We Should Refrain From Defending Our Enemies
April 23, 2006 Leave a comment
We Should Refrain From Defending Our Enemies
By Adel Al-Toraifi
The Middle East’s Leading English Language Daily
Sunday, 9, April, 2006 (11, Rabi` al-Awwal, 1427)
Very few are capable of offering constructive criticism. It is the scale on which the loyalty of a citizen irrespective of his position could be measured. Does criticism or differing in opinion mean lack of loyalty?
While attempting to find an answer to this difficult question let me refer to two events that caught my attention last week. The first was Custodian of the Two Holy Mosque King Abdullah’s address to the Shoura Council’s opening session. The second was a news item about a Saudi woman’s plan to join the lawyers’ team defending Saddam Hussein. I want to discuss the second point first and show how short people’s memory can be.
Reem Al-Habib, 29, is a law graduate from Harvard working for a company in the west of the Kingdom. She joined the team of defense counsels of Saddam Hussein and seven of his henchmen who are on trial on charges of massacring 148 people in Dujail.
Reem has the freedom to work for any one she chooses. It is a matter of ethics. It is precisely based on the ethical aspect that I differ.
I want to make it clear that I am not justifying the American invasion of Iraq. I am speaking only from the Saudi point of view. She is, apparently, of a very short memory as most of the people in Saudi society are.
Since the US launched the war in Iraq, the Saudi society has been feeling sympathy for the Iraqi people. The sentiment is quite understandable but when you go to the extent of exonerating the brutalities of the Baathist regime it is something else .
A Saudi citizen’s decision to defend Saddam in the court and take a public stand justifying his reprehensible deeds in the Gulf War II including launching of 37 missiles against Saudi towns is mystifying. About 15,000 Saudis in Al-Khafji including women and children had to run for their lives under the missile attack. The war cost the Saudis $35 billion apart from killing 38 and wounding 175 people. Several families were left without their breadwinners. So it is very difficult to find the motive behind the Saudi lawyer’s passion for defending Saddam.
If she did it in search of glory then there are several other honorable ways to achieve it other than striving to offer to defend a former oppressor. If she is spurred by the objectionable American style of conducting the war she could have chosen to defend the Saudis falsely accused of financing terrorists in the US courts or the Saudi youths languishing in Guantanamo prison. At least Saddam is getting a fair trial though he used to deny a similar treatment to several prisoners in his jails.
One wonders why the Saudi lawyer has no pity for the dead Iraqis buried in mass graves or the living prisoners who dared to speak out against Saddam. Or she could have spoken for the rights of the Saudi citizens harmed by the Iraqi invasion of Kuwait or the civilians threatened with Scud missiles. Lebanese lawyer Bushra Al-Khalil is yet another proof of the falling standard of the legal profession in the Arab world.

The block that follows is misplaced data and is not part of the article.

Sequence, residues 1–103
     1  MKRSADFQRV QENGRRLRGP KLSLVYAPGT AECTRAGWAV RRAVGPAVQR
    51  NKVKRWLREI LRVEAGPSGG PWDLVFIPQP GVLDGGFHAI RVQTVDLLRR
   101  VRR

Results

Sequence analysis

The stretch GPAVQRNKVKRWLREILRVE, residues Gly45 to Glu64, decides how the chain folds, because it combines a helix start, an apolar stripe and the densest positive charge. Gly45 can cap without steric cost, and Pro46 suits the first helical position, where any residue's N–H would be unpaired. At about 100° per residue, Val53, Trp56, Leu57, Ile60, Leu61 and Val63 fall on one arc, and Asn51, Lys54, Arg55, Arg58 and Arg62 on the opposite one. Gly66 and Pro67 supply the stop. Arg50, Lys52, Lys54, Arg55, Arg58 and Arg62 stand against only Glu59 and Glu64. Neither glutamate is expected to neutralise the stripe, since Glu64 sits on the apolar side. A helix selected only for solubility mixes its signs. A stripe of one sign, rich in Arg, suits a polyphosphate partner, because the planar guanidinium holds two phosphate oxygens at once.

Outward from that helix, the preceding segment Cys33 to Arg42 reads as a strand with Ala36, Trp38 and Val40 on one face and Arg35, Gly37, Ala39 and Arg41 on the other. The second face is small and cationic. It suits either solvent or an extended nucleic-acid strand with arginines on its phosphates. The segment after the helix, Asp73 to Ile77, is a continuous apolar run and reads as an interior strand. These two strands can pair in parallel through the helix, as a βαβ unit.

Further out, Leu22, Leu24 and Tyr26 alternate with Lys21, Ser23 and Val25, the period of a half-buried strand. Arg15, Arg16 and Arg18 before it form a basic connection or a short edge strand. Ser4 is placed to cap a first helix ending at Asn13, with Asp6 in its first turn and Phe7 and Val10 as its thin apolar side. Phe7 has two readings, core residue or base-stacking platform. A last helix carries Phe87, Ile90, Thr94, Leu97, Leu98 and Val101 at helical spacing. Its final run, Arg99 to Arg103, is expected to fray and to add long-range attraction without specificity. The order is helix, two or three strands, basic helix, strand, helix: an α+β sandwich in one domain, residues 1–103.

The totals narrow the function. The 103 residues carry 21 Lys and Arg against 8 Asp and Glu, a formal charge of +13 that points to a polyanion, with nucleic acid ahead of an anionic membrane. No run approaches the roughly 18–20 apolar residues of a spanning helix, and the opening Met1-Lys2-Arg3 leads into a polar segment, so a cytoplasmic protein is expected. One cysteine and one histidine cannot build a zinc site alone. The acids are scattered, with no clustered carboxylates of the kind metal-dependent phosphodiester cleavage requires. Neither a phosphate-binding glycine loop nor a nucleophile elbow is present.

Some Saudis studying abroad are too naive to resist the leftist habit of denying the heinous crimes committed by the Baathist regime. They claim that Saddam is not responsible for the Dujail massacre of 1982 because no official document is currently available to prove his complicity. Again, they argue that the mass graves unearthed at several places in Iraq had nothing to do with Saddam. The graves might have been the leftover from the Iran-Iraq war, they say.
The leftist academicians in the US also claim that there is no proof to blame Saddam gassing 5,000 Kurds in Halabja as he did not possess any chemical weapons.
The Arab intellectuals with leftist inclinations blame Iran for triggering the Iran-Iraq war. Based on a report of laboratory tests, an organization investigating war crimes has affirmed the responsibility of Saddam’s regime for the crime. The organization observed “ the absence of direct material evidence linking Saddam Hussein with the crime does not mean ignoring the fact of the discovery of 1,700 bodies there.”
Until April 2005, 260 mass graves were found at various locations proving the savagery of the Baathist regime. The shocking discovery prompted the Human Rights Commission to set up the Iraqi National Center to search for the missing. The Baath regime rendered 1.5 million Iraqis homeless; another million left their schools because their social rights were denied. About 3,500 people released by Saddam’s secret police had their tongues wrenched out and ears or hands amputated.
I had referred earlier to King Abdullah’s speech. In his keynote address to the Shoura Council last week, the king said: “We could not afford to remain frozen while the world around us is changing.” These words, according to political analysts, mean that the Saudi leadership is confident enough to admit its shortcomings and is on the road to rectify them. It is a great deed to offer the right advice when the country needs it.
Saudi women should make use of the ruler’s promise for reforms, change and liberalization. Reem should have rallied round the Saudi women who are unable to meet the cost of litigation instead of freely offering her services to the notorious Iraqi ruler who denied his people their due rights.